-->

Language Disclaimer Spanish | French

Facebook icon and link
follow us on twitter
YouTube icon and link
Instagram icon link
Tiktok link

What Are Some of the Myths About Treatment?


Dr. Margaret H. Sibley discusses what to do if you’re interested in a supplementary or alternative ADHD treatment you have learned about online.

Transcription follows this slightly less than 2 minute video

Have trouble understanding or hearing?
Click the Subtitles/Closed Caption icon at the bottom right while watching the video.


See other videos on this topic

ADHD Awareness Month 2022
Understanding a Shared Experience

Transcription

No person with ADHD is the same as another person with ADHD. The symptoms express themselves differently in everyone, and so you would expect that everyone would have a different treatment plan from each other.

For me, I think right now some of the hot topics in this area are: there are alternative treatments that don’t have a lot of evidence that are being often sold by commercial interests for people with ADHD that advertise as being really helpful, but they don’t necessarily have the research backing, you know, or the proof, really, that they’re helping anyone.

So I think one of the biggest myths is that just because something’s advertised as effective means that it is. I think you should talk always with your doctors – your primary care physicians or, if you’re in the care of the psychiatrist or psychologist. If you heard about something online, you know, check with them to see what they say about it before you jump in, especially if something costs a lot of money.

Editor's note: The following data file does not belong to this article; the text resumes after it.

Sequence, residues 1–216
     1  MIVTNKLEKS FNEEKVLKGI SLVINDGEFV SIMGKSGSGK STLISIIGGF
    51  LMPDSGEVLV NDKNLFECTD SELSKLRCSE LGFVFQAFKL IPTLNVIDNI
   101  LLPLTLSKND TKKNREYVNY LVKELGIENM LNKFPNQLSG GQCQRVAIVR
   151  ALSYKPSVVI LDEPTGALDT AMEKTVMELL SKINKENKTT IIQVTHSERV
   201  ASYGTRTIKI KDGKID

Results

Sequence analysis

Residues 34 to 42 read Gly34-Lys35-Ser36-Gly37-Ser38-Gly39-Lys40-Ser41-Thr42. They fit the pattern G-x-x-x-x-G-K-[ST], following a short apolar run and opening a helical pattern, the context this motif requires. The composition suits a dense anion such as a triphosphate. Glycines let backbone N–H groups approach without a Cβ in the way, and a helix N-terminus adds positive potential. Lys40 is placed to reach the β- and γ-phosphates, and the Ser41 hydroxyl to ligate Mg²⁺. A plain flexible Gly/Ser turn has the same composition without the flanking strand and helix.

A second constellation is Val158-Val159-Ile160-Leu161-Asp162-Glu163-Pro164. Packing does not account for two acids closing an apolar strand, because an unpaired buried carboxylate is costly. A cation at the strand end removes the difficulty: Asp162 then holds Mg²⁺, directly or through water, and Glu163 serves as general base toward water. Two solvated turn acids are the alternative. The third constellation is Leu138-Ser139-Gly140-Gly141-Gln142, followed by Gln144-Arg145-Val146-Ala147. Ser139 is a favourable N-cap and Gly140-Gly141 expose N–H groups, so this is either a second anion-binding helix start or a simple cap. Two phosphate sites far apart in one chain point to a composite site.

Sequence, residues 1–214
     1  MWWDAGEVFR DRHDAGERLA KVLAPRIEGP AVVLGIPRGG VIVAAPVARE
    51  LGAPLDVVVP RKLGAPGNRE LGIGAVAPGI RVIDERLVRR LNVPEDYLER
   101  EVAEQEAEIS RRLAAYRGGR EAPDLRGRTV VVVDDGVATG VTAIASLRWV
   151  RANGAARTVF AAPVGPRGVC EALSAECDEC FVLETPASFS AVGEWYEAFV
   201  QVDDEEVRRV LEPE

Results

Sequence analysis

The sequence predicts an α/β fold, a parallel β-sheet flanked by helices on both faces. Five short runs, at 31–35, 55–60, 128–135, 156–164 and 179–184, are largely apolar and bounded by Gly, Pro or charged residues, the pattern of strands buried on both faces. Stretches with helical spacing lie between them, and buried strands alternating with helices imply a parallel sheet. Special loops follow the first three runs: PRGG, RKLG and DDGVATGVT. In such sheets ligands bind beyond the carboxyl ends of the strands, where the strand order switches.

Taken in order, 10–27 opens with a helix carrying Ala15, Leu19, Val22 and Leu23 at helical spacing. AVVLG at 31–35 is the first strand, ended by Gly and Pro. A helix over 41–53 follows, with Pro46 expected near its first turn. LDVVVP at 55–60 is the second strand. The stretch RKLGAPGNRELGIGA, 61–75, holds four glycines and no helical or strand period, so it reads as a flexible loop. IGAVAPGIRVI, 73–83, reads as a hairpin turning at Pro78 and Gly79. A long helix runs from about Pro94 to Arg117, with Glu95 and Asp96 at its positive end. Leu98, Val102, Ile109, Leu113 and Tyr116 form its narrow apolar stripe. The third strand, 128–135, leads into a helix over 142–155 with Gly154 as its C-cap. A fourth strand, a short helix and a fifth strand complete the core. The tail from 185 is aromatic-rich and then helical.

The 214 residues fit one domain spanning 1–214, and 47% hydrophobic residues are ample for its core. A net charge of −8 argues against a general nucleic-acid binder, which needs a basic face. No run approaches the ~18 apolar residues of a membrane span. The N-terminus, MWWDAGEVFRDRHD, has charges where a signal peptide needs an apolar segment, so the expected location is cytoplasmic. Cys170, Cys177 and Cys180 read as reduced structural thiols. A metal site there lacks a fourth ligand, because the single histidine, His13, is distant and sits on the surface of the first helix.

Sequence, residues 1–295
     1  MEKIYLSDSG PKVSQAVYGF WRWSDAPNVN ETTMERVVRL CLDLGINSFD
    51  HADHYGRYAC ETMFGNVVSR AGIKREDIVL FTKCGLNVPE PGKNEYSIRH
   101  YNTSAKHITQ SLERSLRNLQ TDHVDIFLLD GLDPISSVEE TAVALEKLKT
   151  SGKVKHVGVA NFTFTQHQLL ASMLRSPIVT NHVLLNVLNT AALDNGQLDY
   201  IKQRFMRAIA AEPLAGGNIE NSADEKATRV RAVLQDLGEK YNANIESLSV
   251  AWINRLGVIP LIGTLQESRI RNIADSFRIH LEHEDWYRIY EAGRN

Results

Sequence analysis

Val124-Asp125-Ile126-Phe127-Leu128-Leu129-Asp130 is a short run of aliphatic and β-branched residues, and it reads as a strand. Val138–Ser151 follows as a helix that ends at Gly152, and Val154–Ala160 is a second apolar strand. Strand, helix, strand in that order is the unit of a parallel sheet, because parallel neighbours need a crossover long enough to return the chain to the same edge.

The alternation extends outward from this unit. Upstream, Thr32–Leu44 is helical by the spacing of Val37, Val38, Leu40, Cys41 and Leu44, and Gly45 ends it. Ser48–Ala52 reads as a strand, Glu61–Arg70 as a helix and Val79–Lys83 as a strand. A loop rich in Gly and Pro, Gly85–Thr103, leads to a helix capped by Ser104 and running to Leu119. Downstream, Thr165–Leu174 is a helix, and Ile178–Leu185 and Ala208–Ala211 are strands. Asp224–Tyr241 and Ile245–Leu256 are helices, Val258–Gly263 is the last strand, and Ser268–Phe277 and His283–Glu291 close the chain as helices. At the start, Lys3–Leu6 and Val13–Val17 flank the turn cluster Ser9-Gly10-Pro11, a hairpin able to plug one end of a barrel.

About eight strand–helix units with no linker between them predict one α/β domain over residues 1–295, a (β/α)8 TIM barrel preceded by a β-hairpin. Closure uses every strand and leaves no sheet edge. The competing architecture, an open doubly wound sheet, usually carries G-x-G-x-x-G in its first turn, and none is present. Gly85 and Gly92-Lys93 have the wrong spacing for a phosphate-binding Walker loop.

Text cards are included at the end of the presentation

Card 1

Some complementary treatments are helpful, but not everything advertised is helpful or safe to use for ADHD.

Card 2

What questions should I ask about alternative or complementary products?

  • Were clinical trials done to prove this treatment works? (A clinical trial is a scientific evaluation of a new treatment.)
  • Can I find information about this treatment from a trusted source?
  • Is there a respected national organization of people who practice this therapy?

Card 3

What questions should I ask about alternative or complementary products?

  • Does the person giving the treatment need a state license?
  • Will my health insurance cover this treatment? (Insurance generally will not cover unproven treatments.)
  • Where can my doctor and I get peer-reviewed research on this product?

Card 4

Always talk with your health care provider before starting a complementary or alternative product.

Keep in mind that vitamins, minerals, herbal products, and other treatments can cause problems with your other medications. Discuss everything you do to treat ADHD with your doctor.

About the Speaker

Margaret Sibley

Margaret H. Sibley, PhD is Associate Professor of Psychiatry and Behavioral Sciences at the University of Washington School of Medicine and a Licensed Clinical Psychologist at Seattle Children’s Hospital. Her research is focused on ADHD in adolescence and young adulthood.